The memo details the unusual circumstances of the FBI interview that led to the charge against Flynn, including that it was suggested to not have a lawyer present and that he wasn't instructed that lying to the FBI is a federal offense.
No Lawyer, No WarningThe charge against Flynn stems from a Jan. 24, 2017, FBI interview. That day, Flynn was in the White House, serving as a national security adviser to a newly inaugurated President Donald Trump. At 12:35 p.m., Flynn received a call on a secure phone from then-FBI Deputy Director Andrew McCabe. After a chat about a security training, McCabe said he “felt that we needed to have two of our agents sit down” with Flynn to discuss his communications with Russian representatives.
As part of Trump’s transition team, Flynn was tasked with contacting foreign dignitaries and laying the groundwork for the new administration. That included several calls with the Russian ambassador to the United States, Sergey Kislyak.
McCabe, who was, at the time, deeply involved in the FBI probe into allegations of collusion between the Trump team and Russia, suggested to Flynn that he not have a lawyer present for the interview.
“I explained that I thought the quickest way to get this done was to have a conversation between [Flynn] and the agents only,” McCabe wrote in a Jan. 24, 2017, memo cited by Flynn’s memo. “I further stated that if LTG Flynn wished to include anyone else in the meeting, like the White House Counsel for instance, that I would need to involve the Department of Justice. [Flynn] stated that this would not be necessary and agreed to meet with the agents without any additional participants.”
Flynn was “relaxed and jocular” with the agents, “unguarded” during the interview, and “clearly saw the FBI agents as allies,” according to a report, an FD-302 form, from the July interview with Strzok—nearly six months after the Flynn interview.
McCabe and other FBI officials “decided the agents would not warn Flynn that it was a crime to lie during an FBI interview because they wanted Flynn to be relaxed, and they were concerned that giving the warnings might adversely affect the rapport,” the Strzok 302 reads.
The approach to the Flynn interview contrasts with the FBI’s questioning of former Trump aide George Papadopoulos just three days later. Agents not only advised Papadopoulos that lying to them “is a federal offense," but also reinterviewed him later, giving him a chance to correct the record. Papadopoulos eventually pleaded guilty to lying and was sentenced to two weeks in prison.
In response to the Flynn memo, the prosecutors argued Flynn, a veteran of military intelligence, "undoubtedly was aware ... that lying to the FBI carries serious consequences."
As for legal representation, when former Secretary of State Hillary Clinton was interviewed by the FBI in 2016 regarding her alleged mishandling of classified information, she brought along nine lawyers.
McCabe’s suggestion for Flynn to be alone was “indicative of duplicitous behavior,” Ruskin said.
“To essentially tell someone that they’re better off not having an attorney is a lie,” he said. “Obviously, it’s not in anybody’s interest to be interviewed by the FBI without an attorney present.”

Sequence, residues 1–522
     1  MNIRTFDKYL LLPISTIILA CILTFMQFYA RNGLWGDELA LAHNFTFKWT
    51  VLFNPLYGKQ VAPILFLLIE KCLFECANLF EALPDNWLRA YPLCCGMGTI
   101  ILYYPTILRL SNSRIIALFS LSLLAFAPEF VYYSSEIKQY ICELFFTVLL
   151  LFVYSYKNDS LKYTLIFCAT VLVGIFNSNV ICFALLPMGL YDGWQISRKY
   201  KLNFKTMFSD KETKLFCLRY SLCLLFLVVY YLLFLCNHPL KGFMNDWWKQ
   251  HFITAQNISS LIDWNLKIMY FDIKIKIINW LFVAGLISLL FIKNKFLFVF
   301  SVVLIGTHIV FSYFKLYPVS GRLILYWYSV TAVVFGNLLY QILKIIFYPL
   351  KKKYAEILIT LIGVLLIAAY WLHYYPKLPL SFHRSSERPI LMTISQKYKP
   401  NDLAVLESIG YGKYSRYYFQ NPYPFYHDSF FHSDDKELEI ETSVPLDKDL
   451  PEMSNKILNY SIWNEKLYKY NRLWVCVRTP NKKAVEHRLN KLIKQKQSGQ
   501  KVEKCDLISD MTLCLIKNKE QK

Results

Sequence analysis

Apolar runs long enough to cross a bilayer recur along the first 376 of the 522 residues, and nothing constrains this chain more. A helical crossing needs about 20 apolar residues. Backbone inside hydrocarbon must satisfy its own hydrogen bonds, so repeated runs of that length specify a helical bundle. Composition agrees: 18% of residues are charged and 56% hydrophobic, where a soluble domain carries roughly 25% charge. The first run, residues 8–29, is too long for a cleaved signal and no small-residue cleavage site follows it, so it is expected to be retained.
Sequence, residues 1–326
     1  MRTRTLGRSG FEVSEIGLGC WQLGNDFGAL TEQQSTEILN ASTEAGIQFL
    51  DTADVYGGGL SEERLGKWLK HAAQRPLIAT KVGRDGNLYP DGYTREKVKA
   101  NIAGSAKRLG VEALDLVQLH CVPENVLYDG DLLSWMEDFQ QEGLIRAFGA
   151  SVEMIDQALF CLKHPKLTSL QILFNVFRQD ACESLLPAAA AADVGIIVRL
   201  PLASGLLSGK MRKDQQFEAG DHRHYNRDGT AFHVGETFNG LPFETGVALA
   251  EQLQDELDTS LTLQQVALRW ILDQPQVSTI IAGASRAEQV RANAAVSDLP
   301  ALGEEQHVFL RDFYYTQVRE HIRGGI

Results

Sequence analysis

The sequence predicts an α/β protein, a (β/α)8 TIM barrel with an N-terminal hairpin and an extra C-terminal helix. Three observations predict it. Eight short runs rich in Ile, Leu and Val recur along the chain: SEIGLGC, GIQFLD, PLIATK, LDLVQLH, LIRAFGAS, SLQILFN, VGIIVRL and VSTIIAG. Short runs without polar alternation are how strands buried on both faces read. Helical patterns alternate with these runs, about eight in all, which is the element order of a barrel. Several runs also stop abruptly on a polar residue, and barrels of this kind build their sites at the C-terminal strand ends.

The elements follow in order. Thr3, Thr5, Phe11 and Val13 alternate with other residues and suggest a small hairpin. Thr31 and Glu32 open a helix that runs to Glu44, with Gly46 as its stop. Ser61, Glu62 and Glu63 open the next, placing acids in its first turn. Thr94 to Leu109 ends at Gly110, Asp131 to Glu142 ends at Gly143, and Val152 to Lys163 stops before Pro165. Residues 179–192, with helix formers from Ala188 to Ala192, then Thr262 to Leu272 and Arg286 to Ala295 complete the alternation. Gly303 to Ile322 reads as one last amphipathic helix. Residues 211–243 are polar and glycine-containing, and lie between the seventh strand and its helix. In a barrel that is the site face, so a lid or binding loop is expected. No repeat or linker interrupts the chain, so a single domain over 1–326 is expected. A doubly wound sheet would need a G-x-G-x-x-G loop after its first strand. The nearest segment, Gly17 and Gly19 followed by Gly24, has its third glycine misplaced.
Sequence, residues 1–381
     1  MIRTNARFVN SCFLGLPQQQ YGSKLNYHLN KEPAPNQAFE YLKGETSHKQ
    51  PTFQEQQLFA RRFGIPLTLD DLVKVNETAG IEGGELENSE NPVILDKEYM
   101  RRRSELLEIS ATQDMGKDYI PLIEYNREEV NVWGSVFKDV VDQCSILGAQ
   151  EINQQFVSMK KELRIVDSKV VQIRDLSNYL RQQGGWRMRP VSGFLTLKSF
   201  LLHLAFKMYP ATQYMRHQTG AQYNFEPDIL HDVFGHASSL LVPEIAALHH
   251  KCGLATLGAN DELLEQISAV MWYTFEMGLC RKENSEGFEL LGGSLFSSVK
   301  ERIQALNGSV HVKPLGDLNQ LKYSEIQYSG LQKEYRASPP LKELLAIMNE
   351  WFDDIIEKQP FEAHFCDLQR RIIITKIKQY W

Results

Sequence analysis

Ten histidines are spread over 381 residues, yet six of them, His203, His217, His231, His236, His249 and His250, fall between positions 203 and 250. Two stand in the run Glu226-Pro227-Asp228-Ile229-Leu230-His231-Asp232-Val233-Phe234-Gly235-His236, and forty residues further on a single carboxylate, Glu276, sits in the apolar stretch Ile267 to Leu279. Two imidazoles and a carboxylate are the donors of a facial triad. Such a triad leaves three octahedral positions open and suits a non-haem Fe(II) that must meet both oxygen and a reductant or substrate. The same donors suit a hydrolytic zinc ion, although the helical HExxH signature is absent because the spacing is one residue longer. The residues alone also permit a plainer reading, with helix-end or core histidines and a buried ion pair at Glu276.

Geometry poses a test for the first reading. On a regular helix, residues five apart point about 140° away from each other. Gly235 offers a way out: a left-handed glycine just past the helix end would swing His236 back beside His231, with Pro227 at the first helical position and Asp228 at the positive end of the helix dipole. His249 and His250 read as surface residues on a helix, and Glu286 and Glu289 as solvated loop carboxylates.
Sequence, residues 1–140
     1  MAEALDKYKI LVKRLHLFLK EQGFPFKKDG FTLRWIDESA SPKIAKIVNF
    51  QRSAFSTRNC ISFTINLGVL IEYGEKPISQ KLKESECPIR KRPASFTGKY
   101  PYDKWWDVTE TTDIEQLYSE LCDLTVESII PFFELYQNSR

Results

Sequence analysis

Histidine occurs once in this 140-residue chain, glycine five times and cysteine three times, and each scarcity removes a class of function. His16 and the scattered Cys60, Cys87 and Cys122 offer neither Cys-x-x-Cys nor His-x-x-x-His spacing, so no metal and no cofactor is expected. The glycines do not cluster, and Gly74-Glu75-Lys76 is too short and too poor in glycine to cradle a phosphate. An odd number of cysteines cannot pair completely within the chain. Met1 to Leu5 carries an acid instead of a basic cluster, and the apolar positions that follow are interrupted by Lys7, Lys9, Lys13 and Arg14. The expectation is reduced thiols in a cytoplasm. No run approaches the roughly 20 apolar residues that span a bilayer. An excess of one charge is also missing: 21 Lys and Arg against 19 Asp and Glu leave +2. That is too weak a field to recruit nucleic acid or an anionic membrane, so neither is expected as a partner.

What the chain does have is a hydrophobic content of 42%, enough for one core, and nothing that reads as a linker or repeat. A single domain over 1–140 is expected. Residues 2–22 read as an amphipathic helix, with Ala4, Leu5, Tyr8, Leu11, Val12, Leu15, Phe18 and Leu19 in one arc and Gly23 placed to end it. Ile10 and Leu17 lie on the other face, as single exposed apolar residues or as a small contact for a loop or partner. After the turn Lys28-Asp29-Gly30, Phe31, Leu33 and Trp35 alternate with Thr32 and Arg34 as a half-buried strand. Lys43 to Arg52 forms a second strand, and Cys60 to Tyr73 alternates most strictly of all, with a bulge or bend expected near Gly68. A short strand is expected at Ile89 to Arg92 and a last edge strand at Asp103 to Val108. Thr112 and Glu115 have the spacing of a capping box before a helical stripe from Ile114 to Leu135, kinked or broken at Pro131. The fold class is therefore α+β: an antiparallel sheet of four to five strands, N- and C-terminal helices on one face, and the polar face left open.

Strzok and Pientka asked Flynn about his contacts with Kislyak. Flynn, former head of the Defense Intelligence Agency and one of the nation's foremost intelligence professionals, would have been likely to know that phone calls of the Russian envoy are monitored and that the agents could have the transcripts at hand.
Flynn Versus McCabeExcerpts from the 302 form indicate that Strzok and Pientka had an understanding that they wouldn’t let Flynn know if they realized he wasn’t forthright.
“Before the interview, FBI officials had decided that, if ‘Flynn said he did not remember something they knew he said, they would use the exact words Flynn used, ... to try to refresh his recollection. If Flynn still would not confirm what he said, ... they would not confront him or talk him through it,’” Flynn’s memo quoted the form.
Flynn’s case stands in stark contrast to the situation of McCabe himself, who was fired from the FBI for repeatedly lying to internal investigators.
Unlike Flynn, McCabe was interviewed twice, both times under oath, was asked on two occasions whether he needed to clarify or change anything, and was never charged with making false official statements.
Stellar CareerFlynn grew up in a military family with eight siblings. He spent 33 years in the Army, including five years in combat in Grenada, Haiti, Iraq, and Afghanistan.
His lawyers submitted 50 letters of support from family, friends, and colleagues, many of whom are high-ranking active or retired military officers. The letters detailed multiple instances in which Flynn saved the lives of others, such as in 1983 during the U.S. invasion of Grenada, where he jumped off a 40-foot cliff and rescued two U.S. servicemen swept out to sea. Several of his military performance reviews, attached to the memo, show that his supervisors held him in high regard.
“The best, most capable Intelligence officer I have ever had the privilege to serve with,” wrote then-Brig. Gen. John Mulholland in Flynn’s 2007 performance review. “Mike Flynn is a rare combination of vision, experience, tactical and technical proficiency, character, and energy.”
At the time, Flynn headed intelligence at the Joint Special Operations Command.
Mulholland, himself a former special forces officer, went as far as calling Flynn “easily the best Intelligence professional of any service serving today.”